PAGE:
Following in the footsteps of an increasing number of museums, sports stadiums, and other public places around the world, Apple on Tuesday warned anyone coming to its Worldwide Developer Conference in June to leave their selfie sticks at home.
It’s the first time the company has banned the telescopic monopod from its annual bash, but then, it wasn’t so popular this time last year.
So why has Apple, a company that you’d think would embrace all things tech, chosen to ban the accessory from its event? The reason isn’t entirely clear, as its website simply states that they’re not allowed, with no explanation offered.
Perhaps it thinks the device might cause too much of a distraction at its presentation events if hundreds of people are using them to try to get a decent photo of what’s happening on stage. Or maybe it’s worried a distracted attendee might inadvertently incapacitate a developer with one, and let’s face it, no tech company on Earth wants to lose such important individuals.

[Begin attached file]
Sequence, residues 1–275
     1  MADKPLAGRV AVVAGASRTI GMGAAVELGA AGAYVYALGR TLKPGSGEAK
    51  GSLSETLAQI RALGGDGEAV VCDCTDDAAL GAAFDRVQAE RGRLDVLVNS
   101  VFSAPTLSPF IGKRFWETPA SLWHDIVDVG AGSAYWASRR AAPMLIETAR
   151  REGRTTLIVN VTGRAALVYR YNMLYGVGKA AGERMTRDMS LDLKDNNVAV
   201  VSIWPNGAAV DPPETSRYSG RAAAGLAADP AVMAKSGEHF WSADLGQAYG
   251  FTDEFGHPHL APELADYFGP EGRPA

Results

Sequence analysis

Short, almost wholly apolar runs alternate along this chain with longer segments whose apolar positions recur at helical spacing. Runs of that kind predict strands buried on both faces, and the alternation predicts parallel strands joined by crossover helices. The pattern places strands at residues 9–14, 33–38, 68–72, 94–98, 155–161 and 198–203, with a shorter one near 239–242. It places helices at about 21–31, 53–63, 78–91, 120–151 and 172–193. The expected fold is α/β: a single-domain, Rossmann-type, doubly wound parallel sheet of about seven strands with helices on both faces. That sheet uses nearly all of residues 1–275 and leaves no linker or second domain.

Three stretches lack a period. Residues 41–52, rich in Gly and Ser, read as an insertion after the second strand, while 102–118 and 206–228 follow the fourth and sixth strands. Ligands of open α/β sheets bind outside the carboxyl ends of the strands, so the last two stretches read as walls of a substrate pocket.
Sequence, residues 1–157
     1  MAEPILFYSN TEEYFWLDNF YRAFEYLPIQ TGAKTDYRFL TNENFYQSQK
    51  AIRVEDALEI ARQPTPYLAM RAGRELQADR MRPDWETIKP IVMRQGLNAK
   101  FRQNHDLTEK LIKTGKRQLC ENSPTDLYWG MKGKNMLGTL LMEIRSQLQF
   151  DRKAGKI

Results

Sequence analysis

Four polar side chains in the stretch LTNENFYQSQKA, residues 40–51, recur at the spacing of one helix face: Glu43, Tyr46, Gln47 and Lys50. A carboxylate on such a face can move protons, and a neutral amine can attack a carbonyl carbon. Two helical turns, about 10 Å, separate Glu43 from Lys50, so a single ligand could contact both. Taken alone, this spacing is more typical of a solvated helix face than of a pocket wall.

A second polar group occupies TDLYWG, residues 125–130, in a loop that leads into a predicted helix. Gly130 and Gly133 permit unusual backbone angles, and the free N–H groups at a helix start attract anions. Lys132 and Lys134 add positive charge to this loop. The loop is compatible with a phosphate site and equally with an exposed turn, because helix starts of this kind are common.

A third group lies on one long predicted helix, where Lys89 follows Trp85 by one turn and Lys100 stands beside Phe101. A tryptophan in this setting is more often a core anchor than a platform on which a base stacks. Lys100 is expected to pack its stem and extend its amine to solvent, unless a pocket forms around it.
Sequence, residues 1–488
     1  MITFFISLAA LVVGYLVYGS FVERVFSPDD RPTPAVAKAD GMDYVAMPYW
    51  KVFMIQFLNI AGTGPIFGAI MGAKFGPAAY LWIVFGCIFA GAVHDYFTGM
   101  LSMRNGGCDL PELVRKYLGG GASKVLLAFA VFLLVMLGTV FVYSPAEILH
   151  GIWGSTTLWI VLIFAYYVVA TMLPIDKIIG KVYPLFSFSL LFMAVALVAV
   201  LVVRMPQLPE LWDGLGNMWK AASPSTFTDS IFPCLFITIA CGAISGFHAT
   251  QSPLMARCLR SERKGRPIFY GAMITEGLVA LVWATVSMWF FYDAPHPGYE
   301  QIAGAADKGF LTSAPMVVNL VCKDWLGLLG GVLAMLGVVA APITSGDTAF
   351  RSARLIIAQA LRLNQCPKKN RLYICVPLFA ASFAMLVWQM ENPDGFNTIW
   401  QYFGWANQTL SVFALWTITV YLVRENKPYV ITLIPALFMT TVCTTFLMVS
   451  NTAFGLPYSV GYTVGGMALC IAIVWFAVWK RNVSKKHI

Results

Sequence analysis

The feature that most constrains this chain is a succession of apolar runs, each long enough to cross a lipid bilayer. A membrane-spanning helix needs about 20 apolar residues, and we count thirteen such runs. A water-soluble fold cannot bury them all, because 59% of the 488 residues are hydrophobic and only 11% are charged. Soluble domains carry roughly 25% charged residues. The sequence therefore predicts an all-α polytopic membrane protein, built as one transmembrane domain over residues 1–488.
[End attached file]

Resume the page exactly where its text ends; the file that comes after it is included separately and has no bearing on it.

Whatever the case, if someone wants a selfie at WWDC with Tim Cook or Jony Ive, or any other member of the Apple crew for that matter, they’ll need to do it the old-fashioned way, either by grabbing a picture with an outstretched arm or, shockingly, asking someone to take the shot for them.
Existing bans at Apple’s five-day developer shindig already cover audio and video recordings as well as shots taken with professional photographic equipment. It has a more relaxed attitude toward smartphone photography, though if security at the event spot one on the end of a selfie stick “or similar monopod,” the person holding it may be removed from the event.
Tourist sites around the world have been busy banning the ubiquitous smartphone accessory in recent months. While most are concerned about safety, places such as museums are equally concerned about visitors causing accidental damage to a priceless artifact.
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